Draped coat, dress, both Giambattista Valli Haute Couture. Jewelry, Van Cleef & Arpels. Pumps, Gianvito Rossi.

Zoey Grossman

Let’s get one thing straight: Zendaya never likes it when people watch her cry. The irony is that Rue, the drug-seeking teen she plays on HBO’s drama Euphoria, is all about the tears. Between bites of yellow watermelon, she explains that she has to remember not to cover her face while filming. “I always hide my face when I cry,” she says, tossing back her curly brunette locks. “I would cover up my whole performance with my hands if I let myself.” Euphoria—which delves into a generation of overdrugged, hypersexed high schoolers—centers on Zendaya’s character grappling with grief, addiction, anxiety, and depression. “Rue has such a darkness to her, but also an innocence. I have to be super vulnerable and sad in front of people. It’s weird, but cathartic in a lot of ways.”

While sipping a virgin mojito at L.A.’s trendy vegan restaurant Crossroads Kitchen, a favorite of the 23-year-old actress, she orders two more dishes to go along with the watermelon salad. “Did you know there was such a thing as yellow watermelon?” she asks in pleasurable shock. “I learn something new every day.”

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Zoey Grossman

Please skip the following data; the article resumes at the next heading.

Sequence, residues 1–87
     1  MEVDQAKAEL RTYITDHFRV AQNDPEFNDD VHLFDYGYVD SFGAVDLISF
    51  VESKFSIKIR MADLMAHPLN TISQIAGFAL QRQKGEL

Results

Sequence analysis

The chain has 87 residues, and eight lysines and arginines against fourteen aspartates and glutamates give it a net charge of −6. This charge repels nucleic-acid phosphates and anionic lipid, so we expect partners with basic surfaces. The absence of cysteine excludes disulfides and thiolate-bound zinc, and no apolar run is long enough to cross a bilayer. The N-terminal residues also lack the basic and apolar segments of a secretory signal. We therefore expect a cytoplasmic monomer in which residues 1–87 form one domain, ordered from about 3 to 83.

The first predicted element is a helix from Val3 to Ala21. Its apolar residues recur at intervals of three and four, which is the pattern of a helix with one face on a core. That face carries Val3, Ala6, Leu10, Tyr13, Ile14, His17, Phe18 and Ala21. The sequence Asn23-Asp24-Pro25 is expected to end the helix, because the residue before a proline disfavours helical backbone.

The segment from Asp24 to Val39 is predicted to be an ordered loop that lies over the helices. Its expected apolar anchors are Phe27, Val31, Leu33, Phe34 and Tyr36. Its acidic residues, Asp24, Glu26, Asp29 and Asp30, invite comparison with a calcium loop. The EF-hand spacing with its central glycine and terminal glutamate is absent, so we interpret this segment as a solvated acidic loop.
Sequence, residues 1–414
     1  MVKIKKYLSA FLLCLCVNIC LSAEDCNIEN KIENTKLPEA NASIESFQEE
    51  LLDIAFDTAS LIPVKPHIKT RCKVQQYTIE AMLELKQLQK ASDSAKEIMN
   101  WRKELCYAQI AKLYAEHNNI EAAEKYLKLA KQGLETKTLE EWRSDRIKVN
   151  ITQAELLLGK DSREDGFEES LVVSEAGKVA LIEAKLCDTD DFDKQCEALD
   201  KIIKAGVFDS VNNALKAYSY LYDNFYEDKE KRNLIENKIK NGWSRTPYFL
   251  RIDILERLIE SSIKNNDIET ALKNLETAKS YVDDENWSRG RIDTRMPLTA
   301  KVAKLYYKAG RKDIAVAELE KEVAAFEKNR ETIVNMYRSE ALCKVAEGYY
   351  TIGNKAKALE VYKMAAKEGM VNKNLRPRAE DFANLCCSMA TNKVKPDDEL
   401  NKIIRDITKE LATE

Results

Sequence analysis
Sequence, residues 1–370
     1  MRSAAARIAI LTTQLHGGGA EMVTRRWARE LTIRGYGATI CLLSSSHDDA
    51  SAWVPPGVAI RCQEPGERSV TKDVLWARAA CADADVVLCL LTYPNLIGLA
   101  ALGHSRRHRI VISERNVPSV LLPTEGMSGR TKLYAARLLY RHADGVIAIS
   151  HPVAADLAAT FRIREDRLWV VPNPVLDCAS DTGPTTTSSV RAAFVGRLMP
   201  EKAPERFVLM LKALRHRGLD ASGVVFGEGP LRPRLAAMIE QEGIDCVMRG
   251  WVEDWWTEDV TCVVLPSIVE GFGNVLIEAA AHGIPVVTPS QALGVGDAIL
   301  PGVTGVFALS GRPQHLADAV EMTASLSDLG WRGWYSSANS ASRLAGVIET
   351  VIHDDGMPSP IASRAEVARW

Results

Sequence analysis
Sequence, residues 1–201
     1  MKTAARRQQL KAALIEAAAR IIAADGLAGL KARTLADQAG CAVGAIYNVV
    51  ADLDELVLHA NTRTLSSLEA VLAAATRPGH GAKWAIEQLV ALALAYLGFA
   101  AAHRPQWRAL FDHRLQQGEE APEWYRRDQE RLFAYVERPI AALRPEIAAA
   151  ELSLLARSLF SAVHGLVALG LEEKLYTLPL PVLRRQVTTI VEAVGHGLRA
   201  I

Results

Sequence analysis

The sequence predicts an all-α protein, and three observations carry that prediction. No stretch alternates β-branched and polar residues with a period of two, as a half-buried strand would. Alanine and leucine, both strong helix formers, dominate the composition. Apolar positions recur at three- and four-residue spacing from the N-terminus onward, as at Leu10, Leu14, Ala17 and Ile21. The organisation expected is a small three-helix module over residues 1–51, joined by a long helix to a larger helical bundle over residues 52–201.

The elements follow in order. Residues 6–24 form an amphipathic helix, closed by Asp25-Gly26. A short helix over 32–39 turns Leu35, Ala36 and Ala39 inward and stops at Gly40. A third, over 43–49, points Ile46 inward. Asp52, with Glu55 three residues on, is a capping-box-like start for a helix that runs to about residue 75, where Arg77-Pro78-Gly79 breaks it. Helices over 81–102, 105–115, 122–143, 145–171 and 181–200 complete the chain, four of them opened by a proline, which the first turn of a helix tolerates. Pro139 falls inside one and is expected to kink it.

Zendaya strips off an oversize hooded sweatshirt that reads “I Am a Voter,” which she found in her mailbox one day. Her playful, sporty style complements her easygoing personality. She fiddles with the $28 hoop earrings she says look dope. Even though she’s dressed down and without makeup for our dinner, her pinstripe trousers are the same ones she wore for the Spider-Man: Homecoming promotional tour in 2017.

Earlier today, Zendaya brainstormed ideas with Euphoria creator Sam Levinson for the second season of the show. “I harass him daily,” she says, half-joking, eagerly awaiting a potential shoot date in January. She tells me she doesn’t know what’s going to happen next, but she would love for her character and model-turned-actress Hunter Schafer’s character Jules to be healthy and find each other again. “Euphoria was eight months of my life, and now that it’s done I’m like, ‘Fuck,’” she says, reflecting back. “You put your shit out there, and it’s a really terrifying thing to do. It’s out for the world to see—it’s so fucking weird.”

ELM110119_155

Dress, Miu Miu. Earrings, rings, Bulgari. Pumps, Aquazzura.

Zoey Grossman

“You put your shit out there, and it’s a really terrifying thing to do. It’s out for the world to see—it’s so fucking weird.”

Right now, Zendaya feels as if she needs to decompress and take some time for herself. She’s been continuously promoting her role as Michelle Jones, Peter Parker’s love interest in Spider-Man: Far From Home (with Tom Holland), and she debuted her Tommy x Zendaya spring 2019 collection in Paris this past March (the fall 2019 collection premiered at Harlem’s Apollo Theater in September). She’s also the face of Lancôme’s newest fragrance campaign, Idôle; in a first for her, Zendaya was involved in the development of the scent from early on. Lately, she’s been taking pottery classes and finding time to garden in her backyard. She even took a recent road trip with her mother back to her hometown of Oakland. “Even though Euphoria coming out was amazing and exciting, it was also extremely stressful. It gave me a lot of anxiety every week,” she tells me.“That’s something I deal with; I have anxiety. I already know after this interview is over, I’m going to spiral about it for weeks.”